Everything happens for a reason.
Everything will work out in the end.
God has a plan.
I want to be on record as saying that, if something terrible befalls me or my family, please don’t say these things to me.
I understand that people say these things in order to be encouraging and out of the hope that what ever hard thing someone is facing will somehow be “worth it” in the end. I understand that there is a human desire to feel like there is a narrative to our lives and that bad things must be serving to advance a plot that leads relentlessly to a happy ending.
The problem with those cliches though is that they feel to me to put pressure on the person who is struggling. Like, c’mon, get past your suffering to the point where you can tell me who this was really a good thing in your life. Which then has the whole implication that if you can’t get to the point where your sad thing is valuable lesson that you are glad you had, well, then- – maybe you, suffering person, are doing it wrong.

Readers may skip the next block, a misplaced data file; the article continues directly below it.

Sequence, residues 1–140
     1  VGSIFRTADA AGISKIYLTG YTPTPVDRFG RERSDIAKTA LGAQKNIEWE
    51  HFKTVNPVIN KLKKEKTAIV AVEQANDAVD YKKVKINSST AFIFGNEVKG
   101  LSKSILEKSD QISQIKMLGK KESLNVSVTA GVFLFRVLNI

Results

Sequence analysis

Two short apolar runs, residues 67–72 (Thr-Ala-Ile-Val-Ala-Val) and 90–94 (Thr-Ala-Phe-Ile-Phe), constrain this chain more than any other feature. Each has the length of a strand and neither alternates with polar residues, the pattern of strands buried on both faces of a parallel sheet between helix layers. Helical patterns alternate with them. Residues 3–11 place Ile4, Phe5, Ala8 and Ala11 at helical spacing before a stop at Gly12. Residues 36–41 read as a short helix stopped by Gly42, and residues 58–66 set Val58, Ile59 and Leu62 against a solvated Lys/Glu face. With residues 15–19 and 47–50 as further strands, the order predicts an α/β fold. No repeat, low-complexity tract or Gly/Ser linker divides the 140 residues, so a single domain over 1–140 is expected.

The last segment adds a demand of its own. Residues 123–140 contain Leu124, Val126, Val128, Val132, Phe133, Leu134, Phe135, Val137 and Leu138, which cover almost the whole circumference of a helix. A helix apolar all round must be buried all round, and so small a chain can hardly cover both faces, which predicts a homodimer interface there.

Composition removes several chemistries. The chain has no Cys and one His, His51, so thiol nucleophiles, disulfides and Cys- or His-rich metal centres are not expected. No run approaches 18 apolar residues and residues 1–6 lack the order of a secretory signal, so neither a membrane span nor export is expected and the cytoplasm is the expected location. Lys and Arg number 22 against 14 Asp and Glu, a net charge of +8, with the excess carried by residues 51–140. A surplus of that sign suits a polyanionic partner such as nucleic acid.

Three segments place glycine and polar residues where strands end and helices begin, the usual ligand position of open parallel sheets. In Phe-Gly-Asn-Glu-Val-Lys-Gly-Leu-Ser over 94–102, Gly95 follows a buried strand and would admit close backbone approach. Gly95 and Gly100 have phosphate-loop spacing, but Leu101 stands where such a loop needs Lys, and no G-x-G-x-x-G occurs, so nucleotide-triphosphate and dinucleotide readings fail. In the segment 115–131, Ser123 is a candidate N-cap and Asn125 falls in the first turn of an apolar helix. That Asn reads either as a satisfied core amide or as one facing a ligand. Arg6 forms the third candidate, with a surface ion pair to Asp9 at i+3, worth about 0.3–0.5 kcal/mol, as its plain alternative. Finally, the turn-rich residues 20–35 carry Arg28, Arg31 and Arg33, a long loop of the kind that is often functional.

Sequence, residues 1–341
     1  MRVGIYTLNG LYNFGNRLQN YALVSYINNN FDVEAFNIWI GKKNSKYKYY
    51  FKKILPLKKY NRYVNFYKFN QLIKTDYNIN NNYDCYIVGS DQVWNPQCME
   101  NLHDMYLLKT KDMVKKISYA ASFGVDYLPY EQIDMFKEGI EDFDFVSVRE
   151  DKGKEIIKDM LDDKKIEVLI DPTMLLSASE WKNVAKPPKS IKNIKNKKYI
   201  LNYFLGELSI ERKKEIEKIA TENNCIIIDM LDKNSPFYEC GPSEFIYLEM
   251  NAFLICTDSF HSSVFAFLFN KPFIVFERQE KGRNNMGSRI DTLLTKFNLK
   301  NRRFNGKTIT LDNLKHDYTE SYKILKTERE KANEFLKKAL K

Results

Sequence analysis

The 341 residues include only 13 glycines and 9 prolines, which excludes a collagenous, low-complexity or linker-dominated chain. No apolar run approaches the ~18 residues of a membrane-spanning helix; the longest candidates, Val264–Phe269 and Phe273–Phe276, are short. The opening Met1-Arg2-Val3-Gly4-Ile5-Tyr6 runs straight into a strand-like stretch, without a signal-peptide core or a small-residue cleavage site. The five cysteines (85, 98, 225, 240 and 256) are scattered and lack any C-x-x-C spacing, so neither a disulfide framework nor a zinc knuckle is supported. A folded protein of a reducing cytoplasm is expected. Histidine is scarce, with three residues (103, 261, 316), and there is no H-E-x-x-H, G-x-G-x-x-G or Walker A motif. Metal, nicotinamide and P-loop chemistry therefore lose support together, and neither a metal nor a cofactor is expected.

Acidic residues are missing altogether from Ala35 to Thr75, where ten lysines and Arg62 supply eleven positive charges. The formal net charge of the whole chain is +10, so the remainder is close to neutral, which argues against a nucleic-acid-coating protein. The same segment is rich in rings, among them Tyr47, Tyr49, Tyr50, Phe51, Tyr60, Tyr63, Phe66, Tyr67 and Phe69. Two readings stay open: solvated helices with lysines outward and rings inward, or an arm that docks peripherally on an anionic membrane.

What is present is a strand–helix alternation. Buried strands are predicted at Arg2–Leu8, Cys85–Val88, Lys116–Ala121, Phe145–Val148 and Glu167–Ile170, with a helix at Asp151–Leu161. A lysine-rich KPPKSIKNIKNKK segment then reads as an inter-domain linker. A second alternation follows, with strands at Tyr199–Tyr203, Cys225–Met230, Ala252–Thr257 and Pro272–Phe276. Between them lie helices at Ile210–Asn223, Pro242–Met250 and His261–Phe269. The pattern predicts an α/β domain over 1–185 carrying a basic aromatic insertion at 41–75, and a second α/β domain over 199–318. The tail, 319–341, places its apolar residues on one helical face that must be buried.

But I’ve been spending some time lately with someone who wanted to be a parent (and who was, actually, a parent for too short a time) and who was/would have been an amazing parent. Their life is still a good and full one, but that unfilled hope is a hole that I don’t know will ever be filled. And when I think about them, my first crazy thought is “I’ll tell them I’ll be a surrogate!” but then I remember I kind of can’t actually get pregnant. So then I think about how it just sucks that they don’t get to be a parent and that I just don’t think there is some divine reason for them to have been denied the chance to share their love with a kid. It was just timing and external factors that worked against them.
I read a quote once that said “somethings in life cannot be fixed. They can only be carried.”